Shooting, too, is affected. World of Tanks players are used to systems of hitpoints, alpha strike, DPM, and other familiar terms to many gamers. Critical hits exist in War Thunder as they do in WoT, but they're... different. This is my biggest problem with the game, actually - it wants to be realistic, but it often takes five or more penetrating shots to finally knock out an enemy tank regardless of what you hit, and being on the receiving end of incoming fire is unpleasant beyond words as every hit cripples your tank in some new or exciting way. Occasionally, though, it only takes one despite doing nothing differently from the previous attempts. There are no repair kits or medkits in War Thunder. Damage is repaired over time (if at all), with even basic repairs taking over a minute. Wounded crew cannot be healed or replaced, so losing a gunner effectively puts you out of the game. In general, the game punishes aggressive play.
While most War Thunder matches result in players hiding in bushes and exchanging fire at extreme ranges or rushing to their deaths, the same events usually take longer to transpire in WoT. Players tend to be more aggressive, and will actively move into crucial positions even if it puts them at risk of being hit. In fact, the most oft-complained about things in the game are those which punish that aggressive play, such as high-alpha tank destroyers, autoloaders, and artillery.
The biggest difference between the two seems to be the mindset of their players. I will state quite surely that World of Tanks players are far more competitive on the whole, with those of us who are the most prone to such behaviour using mods that sacrifice that same immersion that Gaijin are looking to foster in their own game. I still have grass turned on because I like the visuals, but many turn it off. I have gun recoil turned off, as well as the tank sight rocking from acceleration. Many turn off shadows and particle effects, though I do not.
The average War Thunder tanker, in stark contrast, displays little interest in anything at all, much less winning matches and building a name for themselves. By and large, they seem quite content to putter about the field paying little attention to the map, the objectives, or tanks from either team as they enjoy being immersed in their little world where they're driving a little tank about the wilderness. That's okay, we all need something like that from time to time. However, there are games that do that kind of thing a lot better, such as Red Orchestra or any given tank sim.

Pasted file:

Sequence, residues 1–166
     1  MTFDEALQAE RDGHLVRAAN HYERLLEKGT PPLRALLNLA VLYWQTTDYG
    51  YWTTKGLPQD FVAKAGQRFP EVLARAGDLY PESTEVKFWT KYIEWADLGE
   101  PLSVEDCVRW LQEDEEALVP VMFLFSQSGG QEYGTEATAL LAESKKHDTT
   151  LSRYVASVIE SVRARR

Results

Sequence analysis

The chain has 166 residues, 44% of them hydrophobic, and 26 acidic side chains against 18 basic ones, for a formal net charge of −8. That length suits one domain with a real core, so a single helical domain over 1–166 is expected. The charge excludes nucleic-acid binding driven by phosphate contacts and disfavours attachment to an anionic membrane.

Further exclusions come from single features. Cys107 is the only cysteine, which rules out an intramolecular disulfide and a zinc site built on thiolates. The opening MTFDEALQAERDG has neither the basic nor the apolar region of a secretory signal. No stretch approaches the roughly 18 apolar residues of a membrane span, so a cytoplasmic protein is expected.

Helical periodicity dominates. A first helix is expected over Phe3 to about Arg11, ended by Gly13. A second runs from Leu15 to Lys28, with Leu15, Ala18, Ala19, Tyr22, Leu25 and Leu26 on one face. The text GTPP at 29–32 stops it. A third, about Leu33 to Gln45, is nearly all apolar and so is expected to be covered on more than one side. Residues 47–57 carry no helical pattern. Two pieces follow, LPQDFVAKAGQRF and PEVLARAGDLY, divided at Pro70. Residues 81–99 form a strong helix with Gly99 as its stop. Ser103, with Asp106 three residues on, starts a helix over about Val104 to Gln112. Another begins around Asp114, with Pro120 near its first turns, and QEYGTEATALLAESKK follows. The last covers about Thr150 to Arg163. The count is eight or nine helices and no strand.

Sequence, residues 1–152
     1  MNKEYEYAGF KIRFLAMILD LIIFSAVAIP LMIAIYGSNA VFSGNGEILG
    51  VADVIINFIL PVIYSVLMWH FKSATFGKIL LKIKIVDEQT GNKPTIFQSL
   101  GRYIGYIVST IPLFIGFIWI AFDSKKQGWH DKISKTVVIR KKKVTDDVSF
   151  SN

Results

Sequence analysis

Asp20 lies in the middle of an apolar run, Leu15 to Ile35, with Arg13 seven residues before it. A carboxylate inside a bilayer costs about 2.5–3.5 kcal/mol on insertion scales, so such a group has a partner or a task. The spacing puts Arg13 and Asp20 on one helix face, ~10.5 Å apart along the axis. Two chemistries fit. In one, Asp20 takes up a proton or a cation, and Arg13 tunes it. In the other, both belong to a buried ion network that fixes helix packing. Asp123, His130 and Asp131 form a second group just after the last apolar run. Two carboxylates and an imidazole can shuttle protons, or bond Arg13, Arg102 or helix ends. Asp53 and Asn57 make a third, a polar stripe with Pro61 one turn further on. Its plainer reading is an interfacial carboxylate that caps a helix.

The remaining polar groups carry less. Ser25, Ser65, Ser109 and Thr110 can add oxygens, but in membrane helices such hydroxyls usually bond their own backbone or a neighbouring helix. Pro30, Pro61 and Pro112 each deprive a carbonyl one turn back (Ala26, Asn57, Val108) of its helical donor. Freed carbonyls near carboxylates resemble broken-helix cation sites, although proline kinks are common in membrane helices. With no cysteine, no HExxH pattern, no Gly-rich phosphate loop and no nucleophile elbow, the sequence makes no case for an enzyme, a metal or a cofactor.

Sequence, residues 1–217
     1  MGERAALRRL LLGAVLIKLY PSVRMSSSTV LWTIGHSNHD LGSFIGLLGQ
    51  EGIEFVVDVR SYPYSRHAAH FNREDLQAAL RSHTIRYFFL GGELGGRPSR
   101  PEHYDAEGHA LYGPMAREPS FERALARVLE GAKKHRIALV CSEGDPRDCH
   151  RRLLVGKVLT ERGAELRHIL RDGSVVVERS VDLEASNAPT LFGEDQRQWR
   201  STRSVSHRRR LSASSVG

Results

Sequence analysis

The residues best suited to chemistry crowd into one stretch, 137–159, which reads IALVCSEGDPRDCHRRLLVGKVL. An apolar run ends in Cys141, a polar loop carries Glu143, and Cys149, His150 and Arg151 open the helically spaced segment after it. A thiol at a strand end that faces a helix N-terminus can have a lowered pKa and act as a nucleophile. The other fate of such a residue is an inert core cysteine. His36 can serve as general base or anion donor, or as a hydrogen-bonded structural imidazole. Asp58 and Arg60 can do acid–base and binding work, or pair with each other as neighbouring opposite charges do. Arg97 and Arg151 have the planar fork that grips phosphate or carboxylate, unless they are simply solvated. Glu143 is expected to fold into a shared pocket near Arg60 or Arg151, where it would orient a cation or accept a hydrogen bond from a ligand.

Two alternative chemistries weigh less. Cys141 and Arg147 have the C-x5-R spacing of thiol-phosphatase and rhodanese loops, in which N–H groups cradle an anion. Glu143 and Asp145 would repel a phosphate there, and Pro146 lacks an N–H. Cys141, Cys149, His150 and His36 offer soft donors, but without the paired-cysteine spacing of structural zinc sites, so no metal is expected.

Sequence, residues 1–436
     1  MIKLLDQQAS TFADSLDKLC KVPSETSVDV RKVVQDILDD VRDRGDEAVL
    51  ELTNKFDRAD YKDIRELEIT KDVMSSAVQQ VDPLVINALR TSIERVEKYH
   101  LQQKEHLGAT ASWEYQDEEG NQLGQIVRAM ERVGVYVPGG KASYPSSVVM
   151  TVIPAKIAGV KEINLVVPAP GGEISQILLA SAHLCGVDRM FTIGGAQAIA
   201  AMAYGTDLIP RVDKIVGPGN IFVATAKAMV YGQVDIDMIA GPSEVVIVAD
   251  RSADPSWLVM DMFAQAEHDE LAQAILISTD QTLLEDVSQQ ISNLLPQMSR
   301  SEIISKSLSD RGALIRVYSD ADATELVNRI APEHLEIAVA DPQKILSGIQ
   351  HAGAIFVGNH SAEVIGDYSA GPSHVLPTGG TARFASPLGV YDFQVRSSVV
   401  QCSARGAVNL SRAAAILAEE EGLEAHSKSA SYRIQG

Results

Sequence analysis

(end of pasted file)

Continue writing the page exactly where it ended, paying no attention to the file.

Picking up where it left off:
Ultimately, that's War Thunder's biggest problem. It wants all the immersion of a simulator, but all the casualness of an arcadey free-to-play game. Wargaming found a happy medium, and ended up propelling themselves into the forefront of online gaming developers. Gaijin, meanwhile, have produced a game where all the people who quit WoT over spotting mechanics¹, RNG², and artillery³ will find the very same things they left in just as much abundance, except this time covered in a thin veneer of "realism".
1. War Thunder features some form of spotting mechanics in all game modes, where tanks will physically disappear from the player's view. World of Tanks uses a similar, server-governed system to prevent cheating, a system which is often considered very frustrating to new or unaware players and forms the basis for most complaints of "unfair" gameplay or "hacking". At one point in War Thunder I had an enemy tank drive behind a rock only a few tens of metres away and it disappeared until I drove fully around the rock - at first I thought this was only in the 'arcade' mode but it later happened again in a 'simulator battle'.
2. See paragraph regarding critical damage. Critical hits and kills feel very arbitrary in War Thunder, while in World of Tanks the RNG plays a much lesser role.
3. All light and medium tanks in War Thunder can unlock the ability to call down an accurate artillery barrage at any point of the map that can be seen line-of-sight from a point about fifteen or twenty metres above their tank's turret, with a cooldown time of about a minute. The artillery has a fairly small splash radius per shell but a direct hit is capable of destroying a tank in one hit. Dispersion is random, so a player's chance of being destroyed by artillery is essentially luck more than anything else.